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Father or sperm donor? Jason Patric's custody plea prompts California hearing.

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“The fact is, I had a little modicum of fame to bring light to a problem that’s going to affect in such a horrific manner children and families,” he said. “I didn’t donate my sperm; I gave my sperm to have a child.… I want my son back,” he said during an interview with ABC's Katie Couric in June.

In emotional but measured testimony Tuesday, Patric said he went to "great lengths," including surgery, to become a father. He said both he and Schreiber signed an "intended parent" document, but that current California law prevented him from making his case before a judge. Other men have complained about the same thing, he said.

The emergence of sperm banks and the high success rate for in vitro fertilization have created markets where would-be moms can shop for the right attributes in a sperm donor without having to deal with the actual man. They have opened new options for older unmarried women, as well as for same-sex couples who want to raise children who are biologically connected to one of them.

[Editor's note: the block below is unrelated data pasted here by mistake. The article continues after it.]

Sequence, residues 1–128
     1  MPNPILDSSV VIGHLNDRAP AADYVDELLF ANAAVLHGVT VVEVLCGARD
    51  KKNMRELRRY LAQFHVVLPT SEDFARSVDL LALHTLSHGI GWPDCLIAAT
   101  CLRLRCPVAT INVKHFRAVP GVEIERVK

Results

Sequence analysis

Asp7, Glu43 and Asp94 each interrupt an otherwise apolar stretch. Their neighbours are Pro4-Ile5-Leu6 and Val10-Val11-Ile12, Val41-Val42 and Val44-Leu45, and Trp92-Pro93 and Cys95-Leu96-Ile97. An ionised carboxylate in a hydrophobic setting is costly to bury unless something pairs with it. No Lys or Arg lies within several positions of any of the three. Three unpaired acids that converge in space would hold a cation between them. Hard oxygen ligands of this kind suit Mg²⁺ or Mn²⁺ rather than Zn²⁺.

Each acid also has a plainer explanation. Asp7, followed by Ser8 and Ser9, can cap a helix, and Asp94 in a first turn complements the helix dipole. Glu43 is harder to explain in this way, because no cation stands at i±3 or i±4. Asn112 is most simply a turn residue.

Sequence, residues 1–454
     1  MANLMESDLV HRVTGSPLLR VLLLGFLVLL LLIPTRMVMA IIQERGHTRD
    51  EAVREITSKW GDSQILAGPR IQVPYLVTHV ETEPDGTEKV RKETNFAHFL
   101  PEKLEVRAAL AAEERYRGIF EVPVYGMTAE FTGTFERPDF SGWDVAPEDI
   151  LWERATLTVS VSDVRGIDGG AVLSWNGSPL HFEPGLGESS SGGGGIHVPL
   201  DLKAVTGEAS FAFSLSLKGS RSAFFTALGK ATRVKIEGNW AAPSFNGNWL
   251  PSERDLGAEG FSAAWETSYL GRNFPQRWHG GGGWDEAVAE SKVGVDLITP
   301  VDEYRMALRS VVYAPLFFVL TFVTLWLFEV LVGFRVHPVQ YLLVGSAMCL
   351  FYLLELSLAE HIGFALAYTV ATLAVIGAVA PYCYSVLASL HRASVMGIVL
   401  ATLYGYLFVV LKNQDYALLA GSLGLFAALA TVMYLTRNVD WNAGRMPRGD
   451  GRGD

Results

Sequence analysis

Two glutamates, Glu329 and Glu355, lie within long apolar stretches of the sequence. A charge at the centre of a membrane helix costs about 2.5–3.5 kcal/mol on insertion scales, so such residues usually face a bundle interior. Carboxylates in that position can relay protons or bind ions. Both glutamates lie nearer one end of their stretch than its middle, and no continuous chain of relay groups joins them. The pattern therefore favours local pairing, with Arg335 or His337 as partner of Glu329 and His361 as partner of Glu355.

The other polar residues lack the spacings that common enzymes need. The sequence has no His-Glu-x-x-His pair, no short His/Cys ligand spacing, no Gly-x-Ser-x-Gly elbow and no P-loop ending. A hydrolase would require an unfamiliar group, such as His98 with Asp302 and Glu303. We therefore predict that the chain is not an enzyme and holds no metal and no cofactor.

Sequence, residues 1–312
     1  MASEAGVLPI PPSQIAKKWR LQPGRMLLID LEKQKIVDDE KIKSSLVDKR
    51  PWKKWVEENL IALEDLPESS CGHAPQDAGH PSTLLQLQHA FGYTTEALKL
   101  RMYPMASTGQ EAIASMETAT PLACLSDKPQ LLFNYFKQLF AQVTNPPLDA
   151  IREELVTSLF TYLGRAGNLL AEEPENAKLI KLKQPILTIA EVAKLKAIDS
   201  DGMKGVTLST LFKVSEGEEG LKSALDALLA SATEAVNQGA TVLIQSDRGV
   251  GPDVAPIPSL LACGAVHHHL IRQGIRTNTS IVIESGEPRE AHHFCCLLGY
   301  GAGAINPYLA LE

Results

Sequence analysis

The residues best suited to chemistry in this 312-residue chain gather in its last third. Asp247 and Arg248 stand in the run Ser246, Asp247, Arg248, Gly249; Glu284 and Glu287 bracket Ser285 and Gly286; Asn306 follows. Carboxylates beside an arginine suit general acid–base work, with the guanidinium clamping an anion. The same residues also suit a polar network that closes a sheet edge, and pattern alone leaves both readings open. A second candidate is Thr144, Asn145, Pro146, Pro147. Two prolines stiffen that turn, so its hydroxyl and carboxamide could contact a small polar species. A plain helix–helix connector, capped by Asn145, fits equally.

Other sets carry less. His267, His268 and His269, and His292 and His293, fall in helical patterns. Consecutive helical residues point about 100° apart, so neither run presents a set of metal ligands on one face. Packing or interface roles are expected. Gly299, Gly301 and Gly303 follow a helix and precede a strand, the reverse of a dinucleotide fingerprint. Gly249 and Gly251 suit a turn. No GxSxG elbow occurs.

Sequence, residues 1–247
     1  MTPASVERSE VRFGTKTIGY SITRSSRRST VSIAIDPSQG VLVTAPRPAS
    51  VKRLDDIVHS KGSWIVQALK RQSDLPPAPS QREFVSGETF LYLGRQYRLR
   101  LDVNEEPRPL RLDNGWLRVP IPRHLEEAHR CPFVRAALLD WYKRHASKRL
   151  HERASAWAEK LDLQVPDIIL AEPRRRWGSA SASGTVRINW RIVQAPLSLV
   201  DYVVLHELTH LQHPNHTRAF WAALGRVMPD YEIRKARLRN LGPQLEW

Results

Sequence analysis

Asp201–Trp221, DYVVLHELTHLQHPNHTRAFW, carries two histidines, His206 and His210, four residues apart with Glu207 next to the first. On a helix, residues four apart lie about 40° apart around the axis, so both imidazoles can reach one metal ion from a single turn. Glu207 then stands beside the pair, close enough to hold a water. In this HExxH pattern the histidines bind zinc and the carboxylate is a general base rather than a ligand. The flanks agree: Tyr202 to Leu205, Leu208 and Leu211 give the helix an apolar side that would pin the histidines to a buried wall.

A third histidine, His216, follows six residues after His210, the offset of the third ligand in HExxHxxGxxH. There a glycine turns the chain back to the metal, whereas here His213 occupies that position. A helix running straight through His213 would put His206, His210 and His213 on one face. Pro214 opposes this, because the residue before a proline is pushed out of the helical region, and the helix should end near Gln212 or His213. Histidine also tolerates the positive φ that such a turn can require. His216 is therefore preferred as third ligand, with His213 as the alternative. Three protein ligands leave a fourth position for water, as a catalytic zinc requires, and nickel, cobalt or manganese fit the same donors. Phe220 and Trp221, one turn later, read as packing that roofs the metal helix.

But the effects of those advances concern some researchers, including Mr. Day.

“There’s a fundamental contribution that men make,” but it's being tested by an emerging view among some mothers, or would-be mothers, that “’I want your sperm because you’re good-looking, you have a high IQ, and you do OK on personality tests, but basically I don’t want you around," he says.

Day cites the unknown effects of what he calls “intergenerational confusion,” in which traditional roles such as fathers, mothers, aunts, uncles, and grandparents are upended in part by government policies such as welfare but also by changing cultural mores in which women hold increased power over child-bearing and in determining family structure.

Worry that women would see their parental rights erode is why the National Organization for Women and some other feminist groups oppose the bill considered Tuesday by a panel of the California Assembly. Giving judges greater discretion on custody cases involving in vitro fertilization, they argue, would whittle away at women’s autonomy by ceding some power to sperm donors who suddenly want a greater-than-planned role in raising the child.

"Parents, reliant on a sperm donor's agreement not to parent, could have allowed the donor to develop a close relationship with the child, without thinking that he could later come in and demand paternal rights," warned Assemblyman Tom Ammiano in a letter to the Assembly Judiciary Committee in June.

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